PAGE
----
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CPO / Battery Pack

Discussion in 'Model S: Battery & Charging' started by mn4az, Aug 27, 2015.

  1. mn4az

    mn4az Member

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    Currently we have a Prius and Leaf in our garage. I am wanting to go all electric and thus in the market for a CPO P85. One concern is family road trips and the spousal approval factor. I would like to limit my time as much as possible at the SuperChargers. I have seen some conversations on the forum about different battery packs. When looking for a CPO should I concern myself with ensuring I purchase a specific battery pack?

    TIA for the feedback.
     
  2. Gizmotoy

    Gizmotoy Active Member

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    If you want to minimize Supercharger time, you need a B-pack or newer, so avoid the very lowest VINs (any VIN less than 2.5k, if I recall) Realistically, though, I think someone calculated the time difference as being something like 5 minutes. And that's only if you have the Supercharger to yourself: if there's a car in the paired slot, there's no practical difference.
     
  3. mknox

    mknox Well-Known Member

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    Having now done a few Supercharger trips with my A-pack equipped car, I would have to agree. It's not like I sit there with a stopwatch. In pretty much every case, the car was finished at or before the time I was finished getting a snack or whatever.
     
  4. Cyclone

    Cyclone Active Member

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    Nothing more to add. Gizmotoy got it on the first try!
     
  5. wraithnot

    wraithnot Model S VIN #5785

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    Just in case it wasn't obvious, definitely steer clear of 60 kWh CPO cars if minimizing charging time at superchargers is a major concern. The charging power tapers off as the battery fills up and thus charging an empty 60 kWh battery to 200 miles of range will take MUCH longer than charging an empty 85 kWh battery to 200 miles of range.

    The charge taper also means it's optimal to arrive at a supercharger with as little range as you dare and charge just enough to comfortably make it to the next charger. The trip planning software was supposed to automate all of this, but it doesn't quite work as advertised just yet. Driving a little slower will also use less energy and shorten supercharger stops.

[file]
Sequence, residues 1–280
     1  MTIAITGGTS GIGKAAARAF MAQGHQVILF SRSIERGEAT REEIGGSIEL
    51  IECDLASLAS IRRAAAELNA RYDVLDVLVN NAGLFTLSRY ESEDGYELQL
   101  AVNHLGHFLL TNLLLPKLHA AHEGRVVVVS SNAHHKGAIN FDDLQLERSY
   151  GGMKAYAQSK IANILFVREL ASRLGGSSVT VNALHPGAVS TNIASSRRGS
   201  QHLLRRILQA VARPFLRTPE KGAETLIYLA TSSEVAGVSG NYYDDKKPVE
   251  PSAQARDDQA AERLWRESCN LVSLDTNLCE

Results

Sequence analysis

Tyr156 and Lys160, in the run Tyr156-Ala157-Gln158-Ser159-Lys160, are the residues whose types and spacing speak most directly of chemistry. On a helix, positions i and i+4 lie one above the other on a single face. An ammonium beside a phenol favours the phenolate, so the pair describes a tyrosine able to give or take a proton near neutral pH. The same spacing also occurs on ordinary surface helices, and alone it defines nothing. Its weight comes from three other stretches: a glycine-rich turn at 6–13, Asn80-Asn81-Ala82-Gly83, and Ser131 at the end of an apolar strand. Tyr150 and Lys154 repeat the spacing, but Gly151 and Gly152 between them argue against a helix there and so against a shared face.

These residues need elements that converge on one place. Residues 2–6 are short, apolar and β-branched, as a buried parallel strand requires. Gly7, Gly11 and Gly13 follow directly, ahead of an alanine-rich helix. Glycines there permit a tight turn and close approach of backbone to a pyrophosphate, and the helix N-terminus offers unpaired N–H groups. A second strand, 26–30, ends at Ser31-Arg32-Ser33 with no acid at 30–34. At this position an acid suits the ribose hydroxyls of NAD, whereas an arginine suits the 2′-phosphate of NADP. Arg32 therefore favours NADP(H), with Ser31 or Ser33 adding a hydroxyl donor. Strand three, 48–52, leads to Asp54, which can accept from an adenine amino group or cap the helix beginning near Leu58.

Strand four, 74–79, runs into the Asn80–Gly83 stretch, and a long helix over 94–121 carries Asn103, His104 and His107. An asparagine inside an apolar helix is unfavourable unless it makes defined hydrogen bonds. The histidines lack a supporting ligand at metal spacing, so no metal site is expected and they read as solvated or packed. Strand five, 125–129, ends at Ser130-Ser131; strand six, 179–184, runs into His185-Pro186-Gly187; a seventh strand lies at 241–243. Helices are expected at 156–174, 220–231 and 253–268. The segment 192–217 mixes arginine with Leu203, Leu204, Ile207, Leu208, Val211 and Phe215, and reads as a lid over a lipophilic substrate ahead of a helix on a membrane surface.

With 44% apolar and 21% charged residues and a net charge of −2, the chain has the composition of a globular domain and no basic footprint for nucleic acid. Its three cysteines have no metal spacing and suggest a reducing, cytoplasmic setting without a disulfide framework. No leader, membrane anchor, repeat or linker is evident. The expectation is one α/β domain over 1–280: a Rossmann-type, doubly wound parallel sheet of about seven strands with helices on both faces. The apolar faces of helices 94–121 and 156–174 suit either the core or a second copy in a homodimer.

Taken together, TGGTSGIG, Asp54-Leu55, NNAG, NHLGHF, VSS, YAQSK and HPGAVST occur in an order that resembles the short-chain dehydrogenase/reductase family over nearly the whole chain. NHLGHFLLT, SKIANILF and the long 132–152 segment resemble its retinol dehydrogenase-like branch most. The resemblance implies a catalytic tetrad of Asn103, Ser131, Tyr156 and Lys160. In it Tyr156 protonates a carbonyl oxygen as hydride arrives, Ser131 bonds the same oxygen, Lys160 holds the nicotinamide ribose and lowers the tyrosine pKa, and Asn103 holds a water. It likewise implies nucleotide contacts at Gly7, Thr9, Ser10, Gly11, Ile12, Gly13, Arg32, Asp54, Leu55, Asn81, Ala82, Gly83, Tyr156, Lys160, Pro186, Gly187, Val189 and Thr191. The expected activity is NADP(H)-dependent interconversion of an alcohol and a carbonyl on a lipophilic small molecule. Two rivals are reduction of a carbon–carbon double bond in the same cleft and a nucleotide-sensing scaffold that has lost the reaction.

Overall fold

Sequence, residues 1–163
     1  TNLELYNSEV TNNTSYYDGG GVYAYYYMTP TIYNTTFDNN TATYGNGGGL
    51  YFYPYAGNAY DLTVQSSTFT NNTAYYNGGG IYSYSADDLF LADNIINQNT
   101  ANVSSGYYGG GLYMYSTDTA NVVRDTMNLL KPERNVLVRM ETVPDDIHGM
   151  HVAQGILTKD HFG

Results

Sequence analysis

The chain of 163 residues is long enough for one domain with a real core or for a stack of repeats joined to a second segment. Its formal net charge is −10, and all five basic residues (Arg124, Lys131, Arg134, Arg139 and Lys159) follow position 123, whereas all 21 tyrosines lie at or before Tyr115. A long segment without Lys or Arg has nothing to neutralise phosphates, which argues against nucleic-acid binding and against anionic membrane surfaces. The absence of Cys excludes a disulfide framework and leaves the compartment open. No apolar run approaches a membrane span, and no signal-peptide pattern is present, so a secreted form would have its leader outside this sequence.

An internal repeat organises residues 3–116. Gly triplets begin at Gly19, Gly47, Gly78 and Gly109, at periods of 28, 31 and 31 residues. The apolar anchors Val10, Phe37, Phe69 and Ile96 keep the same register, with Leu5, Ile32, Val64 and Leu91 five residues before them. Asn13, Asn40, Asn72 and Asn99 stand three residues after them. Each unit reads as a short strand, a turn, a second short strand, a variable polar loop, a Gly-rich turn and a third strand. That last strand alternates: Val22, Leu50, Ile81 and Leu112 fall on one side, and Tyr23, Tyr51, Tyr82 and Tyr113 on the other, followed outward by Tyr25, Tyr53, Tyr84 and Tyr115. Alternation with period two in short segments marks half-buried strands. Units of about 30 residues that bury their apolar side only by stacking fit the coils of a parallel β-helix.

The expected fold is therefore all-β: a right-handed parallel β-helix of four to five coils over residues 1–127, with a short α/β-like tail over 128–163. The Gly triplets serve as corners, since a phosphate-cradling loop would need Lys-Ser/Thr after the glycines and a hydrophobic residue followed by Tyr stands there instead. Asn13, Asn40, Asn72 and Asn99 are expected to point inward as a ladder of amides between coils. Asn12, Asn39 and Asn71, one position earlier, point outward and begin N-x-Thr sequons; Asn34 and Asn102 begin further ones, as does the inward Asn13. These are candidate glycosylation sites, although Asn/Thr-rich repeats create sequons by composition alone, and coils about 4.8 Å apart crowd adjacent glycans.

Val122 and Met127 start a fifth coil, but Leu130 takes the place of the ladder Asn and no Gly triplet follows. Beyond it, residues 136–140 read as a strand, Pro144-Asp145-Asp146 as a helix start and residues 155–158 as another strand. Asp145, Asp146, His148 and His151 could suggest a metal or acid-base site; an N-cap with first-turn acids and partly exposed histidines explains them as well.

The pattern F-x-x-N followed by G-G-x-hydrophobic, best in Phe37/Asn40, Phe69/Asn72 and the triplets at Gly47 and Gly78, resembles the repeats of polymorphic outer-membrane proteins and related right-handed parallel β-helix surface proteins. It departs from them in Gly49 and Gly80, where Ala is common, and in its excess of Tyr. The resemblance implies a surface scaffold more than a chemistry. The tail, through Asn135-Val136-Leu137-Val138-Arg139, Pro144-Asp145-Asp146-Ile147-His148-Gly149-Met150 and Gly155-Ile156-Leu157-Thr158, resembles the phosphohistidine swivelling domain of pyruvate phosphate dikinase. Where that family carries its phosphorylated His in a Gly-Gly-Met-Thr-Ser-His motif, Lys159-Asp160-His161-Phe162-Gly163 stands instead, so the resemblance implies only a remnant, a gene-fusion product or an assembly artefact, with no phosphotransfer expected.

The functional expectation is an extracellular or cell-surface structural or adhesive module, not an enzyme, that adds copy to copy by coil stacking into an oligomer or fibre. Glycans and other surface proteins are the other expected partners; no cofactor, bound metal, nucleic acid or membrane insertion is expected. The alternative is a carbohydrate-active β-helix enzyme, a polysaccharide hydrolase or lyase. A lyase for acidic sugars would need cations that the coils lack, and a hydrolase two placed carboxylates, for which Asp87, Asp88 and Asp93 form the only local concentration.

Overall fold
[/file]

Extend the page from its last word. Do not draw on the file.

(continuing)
And the best way to make supercharger stops feel shorter is to have something to do while the car is charging. Bathroom breaks, meals, coffee breaks, etc. are definitely good ideas. But some of the superchargers also have interesting attractions nearby like the neat rock shops near the Quartzsite AZ supercharger or the awesome downtown area near the Wickenberg AZ supercharger.
     
  6. mn4az

    mn4az Member

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    Good to know that there isn't much of a delta between the A and B packs. Many of the trips will be from MN to AZ so the 60kWh CPO is out. Looked at the 70kWh new, but figured it'd act like the Leaf (ie slow down after 80%) and driving across the country with range anxiety (or having to stop every 150 miles) goes against the SAF.

    Appreciate all the feedback.
     
  7. SmartElectric

    SmartElectric Active Member

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    +1
    Have driven 5000 km in our first two months with our CPO 2013 Tesla Model S 85 with "A" pack like @mknox have found no limitations. When we travel, the car charges faster than we eat/shop/rest. Posted a 2500 km road trip on this forum, check it out for the planning aspects and journey :
    Toronto to New York city - trip planning

    - - - Updated - - -

    My wife traded in her Mercedes SUV for the CPO S85 (in my signature below).
    She is thrilled with the Tesla, and has driven it on 350+ km trips without any concerns.

    When I get to drive it, we're usually driving 500 km or more, and have supercharged more than a dozen times in two months, it's flawless, and the savings of a CPO with lots of options over a new 70 is minimum $15K and you get longer range than the 70 by 80 km or more. It's a good idea IMHO to get CPO if you already own an EV and know what to expect.
     

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